As we enter the new year, many people will use the turn of the year to change their lifestyles, including getting more exercise. But how much exercise do we need to actually make a difference? Newly updated World Health Organization guidelines recommend 150 to 300 minutes of moderate activity per week or 75 to 150 minutes of vigorous activity (or a combination of both). That’s anywhere from an hour and 15 minutes to 5 hours. But Vanessa M. Kercher, an exercise physiologist and clinical assistant professor at Indiana University, says it’s less about focusing on time and more about finding moments, however long they might be, to move your body throughout the day. It’s not necessary to try to squeeze in all activity at once, she says. People can identify times throughout the day to accumulate short bursts of movement. Then, Kercher says, add in some more specific goals related to time and intensity. Family activities are a great way to incorporate movement into your day. Kercher suggests doing interchangeable daily push-up and body squat goals. These can be done anytime while at home, whether you’re cooking or doing laundry. It is important, Kercher says, to make the activities fun and engaging which will help in keeping them a part of your routine. It is time for adults to throw out the idea that if you’re not doing the most grueling, sweat-drenching workout for more than an hour, it doesn’t count, Kercher says. Instead, start taking any and every opportunity to move, in any way possible at whatever speed, for any amount of time.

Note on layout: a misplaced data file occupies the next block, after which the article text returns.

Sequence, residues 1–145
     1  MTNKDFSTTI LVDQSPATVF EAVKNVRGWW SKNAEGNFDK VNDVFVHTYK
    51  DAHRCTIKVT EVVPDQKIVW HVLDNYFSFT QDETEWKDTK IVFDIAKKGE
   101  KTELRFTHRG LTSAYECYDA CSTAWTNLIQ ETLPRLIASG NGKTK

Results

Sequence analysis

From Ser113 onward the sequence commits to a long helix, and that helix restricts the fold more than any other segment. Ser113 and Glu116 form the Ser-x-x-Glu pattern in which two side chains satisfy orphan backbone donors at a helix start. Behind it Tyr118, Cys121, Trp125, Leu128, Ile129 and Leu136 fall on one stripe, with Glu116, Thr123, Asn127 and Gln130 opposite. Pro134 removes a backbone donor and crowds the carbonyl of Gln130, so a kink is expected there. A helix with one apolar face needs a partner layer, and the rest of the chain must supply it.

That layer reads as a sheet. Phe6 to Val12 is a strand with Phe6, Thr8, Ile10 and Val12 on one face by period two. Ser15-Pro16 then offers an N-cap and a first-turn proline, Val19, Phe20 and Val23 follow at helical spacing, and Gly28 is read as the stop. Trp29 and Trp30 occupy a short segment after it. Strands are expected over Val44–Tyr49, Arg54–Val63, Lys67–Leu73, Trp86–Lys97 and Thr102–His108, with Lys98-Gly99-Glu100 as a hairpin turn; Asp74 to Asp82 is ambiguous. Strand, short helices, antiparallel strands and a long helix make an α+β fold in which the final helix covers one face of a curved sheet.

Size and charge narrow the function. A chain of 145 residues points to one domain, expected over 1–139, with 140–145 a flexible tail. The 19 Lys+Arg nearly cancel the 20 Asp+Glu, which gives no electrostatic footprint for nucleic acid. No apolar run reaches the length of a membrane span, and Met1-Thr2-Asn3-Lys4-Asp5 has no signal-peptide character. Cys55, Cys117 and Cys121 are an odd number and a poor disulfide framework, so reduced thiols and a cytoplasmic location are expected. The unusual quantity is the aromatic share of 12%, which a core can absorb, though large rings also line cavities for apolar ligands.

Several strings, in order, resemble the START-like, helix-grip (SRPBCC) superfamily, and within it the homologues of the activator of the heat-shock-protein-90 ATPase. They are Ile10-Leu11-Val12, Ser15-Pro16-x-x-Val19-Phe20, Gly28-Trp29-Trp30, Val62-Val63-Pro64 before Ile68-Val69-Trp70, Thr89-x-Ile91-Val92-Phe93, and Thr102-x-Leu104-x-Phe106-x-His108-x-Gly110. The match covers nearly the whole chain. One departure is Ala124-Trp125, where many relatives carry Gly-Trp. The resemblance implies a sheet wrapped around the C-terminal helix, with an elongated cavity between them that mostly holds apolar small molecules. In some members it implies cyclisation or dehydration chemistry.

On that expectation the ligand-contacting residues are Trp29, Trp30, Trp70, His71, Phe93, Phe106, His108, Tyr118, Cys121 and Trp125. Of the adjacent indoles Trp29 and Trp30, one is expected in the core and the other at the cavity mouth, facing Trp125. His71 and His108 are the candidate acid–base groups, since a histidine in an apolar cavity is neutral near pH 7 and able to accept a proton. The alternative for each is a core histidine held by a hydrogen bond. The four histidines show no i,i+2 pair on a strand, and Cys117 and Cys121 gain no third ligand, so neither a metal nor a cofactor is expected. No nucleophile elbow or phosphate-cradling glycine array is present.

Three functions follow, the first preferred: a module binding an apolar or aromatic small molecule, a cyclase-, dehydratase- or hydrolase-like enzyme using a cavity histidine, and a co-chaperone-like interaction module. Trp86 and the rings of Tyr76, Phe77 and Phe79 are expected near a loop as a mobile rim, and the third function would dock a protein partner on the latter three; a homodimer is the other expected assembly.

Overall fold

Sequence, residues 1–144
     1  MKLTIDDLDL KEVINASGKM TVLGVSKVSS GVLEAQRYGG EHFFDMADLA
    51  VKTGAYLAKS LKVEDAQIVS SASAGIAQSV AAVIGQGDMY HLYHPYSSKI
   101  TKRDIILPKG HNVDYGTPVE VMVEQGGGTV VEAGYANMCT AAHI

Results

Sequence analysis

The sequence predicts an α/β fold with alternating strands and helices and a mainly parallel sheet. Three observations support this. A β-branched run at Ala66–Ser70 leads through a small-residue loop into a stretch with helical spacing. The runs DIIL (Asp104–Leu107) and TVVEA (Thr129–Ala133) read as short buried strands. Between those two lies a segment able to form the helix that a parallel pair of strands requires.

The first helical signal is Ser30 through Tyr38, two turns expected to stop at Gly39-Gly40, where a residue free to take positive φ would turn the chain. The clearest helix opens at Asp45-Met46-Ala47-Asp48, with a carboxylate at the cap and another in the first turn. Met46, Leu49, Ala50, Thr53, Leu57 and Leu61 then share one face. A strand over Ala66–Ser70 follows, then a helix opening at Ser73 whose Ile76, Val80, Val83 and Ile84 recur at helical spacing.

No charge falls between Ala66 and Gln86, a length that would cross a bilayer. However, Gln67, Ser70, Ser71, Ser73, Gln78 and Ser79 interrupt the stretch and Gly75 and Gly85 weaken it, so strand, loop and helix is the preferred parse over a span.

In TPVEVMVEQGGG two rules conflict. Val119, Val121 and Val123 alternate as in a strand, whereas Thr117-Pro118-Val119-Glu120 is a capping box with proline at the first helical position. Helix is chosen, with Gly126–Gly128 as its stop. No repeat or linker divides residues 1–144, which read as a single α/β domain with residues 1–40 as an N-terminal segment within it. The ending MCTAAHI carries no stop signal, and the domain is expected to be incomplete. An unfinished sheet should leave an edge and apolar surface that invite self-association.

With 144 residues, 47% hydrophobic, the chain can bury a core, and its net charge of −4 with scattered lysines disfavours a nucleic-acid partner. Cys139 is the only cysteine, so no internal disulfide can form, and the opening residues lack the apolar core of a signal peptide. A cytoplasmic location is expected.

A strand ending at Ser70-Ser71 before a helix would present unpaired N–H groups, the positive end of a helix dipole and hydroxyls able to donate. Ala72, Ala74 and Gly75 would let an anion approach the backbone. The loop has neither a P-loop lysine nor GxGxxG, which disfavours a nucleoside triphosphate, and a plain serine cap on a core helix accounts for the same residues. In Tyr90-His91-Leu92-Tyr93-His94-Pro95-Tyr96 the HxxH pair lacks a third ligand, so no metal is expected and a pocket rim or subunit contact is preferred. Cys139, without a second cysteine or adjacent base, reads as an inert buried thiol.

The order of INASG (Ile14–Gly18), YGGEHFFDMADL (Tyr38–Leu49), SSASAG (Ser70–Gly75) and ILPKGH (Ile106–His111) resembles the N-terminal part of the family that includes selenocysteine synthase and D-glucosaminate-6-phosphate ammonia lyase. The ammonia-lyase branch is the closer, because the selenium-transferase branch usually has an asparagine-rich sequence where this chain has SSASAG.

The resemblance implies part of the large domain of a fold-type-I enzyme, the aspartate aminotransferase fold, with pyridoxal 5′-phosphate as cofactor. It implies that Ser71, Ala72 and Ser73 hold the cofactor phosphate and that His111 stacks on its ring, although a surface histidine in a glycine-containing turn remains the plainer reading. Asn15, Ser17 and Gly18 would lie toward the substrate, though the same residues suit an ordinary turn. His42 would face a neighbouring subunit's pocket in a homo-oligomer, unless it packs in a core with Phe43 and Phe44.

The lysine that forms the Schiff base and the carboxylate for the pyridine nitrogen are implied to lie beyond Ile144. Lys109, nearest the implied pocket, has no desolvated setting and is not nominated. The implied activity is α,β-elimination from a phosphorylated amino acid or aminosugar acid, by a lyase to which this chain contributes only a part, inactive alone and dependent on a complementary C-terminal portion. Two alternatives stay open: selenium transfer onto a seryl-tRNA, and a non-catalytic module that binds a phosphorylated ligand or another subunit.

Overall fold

Along with their resolutions to get more exercise, many people enter the new year looking for ways to make changes in their overall lives. One way to make a big difference is to conduct a self-assessment of your mental well-being. That is especially true following 2020, a year of chaos and emotional strain. Samantha Schaefer from Healthy IU, Indiana University’s workplace wellness program, says there are some creative ways to increase self-care and well-being. For those who like art, Schaefer says, try creating a trading card for a person you would like to acknowledge as being important in your life, or for yourself, as an affirmation of your own self-worth. For those who like music, take time to listen to guided relaxation, which can be found online. Research shows the use of music can improve respiration rates and provide relaxation for pain and stress management. When choosing music, Schaefer y suggests looking for instruments and or voices that allow you to relax and empty your mind of stress and things to do. Finally, Schaefer says, writing can also provide a way to focus on your mental health and reduce stress. Schaefer suggests keeping a gratitude journal. The best way to cultivate gratitude is to practice gratitude on a regular basis, Schaefer says, and writing about what you’re grateful for can be more helpful than just having grateful thoughts. Take three to five minutes, a few times a week, to reflect and write down the things you are grateful for. When writing, Schaefer says, be as specific as possible and challenge yourself to find new things to be grateful for. Overall, Schaefer says, it is important for everyone to take care of their mental wellbeing and most importantly, to not to be afraid to reach out for help if needed.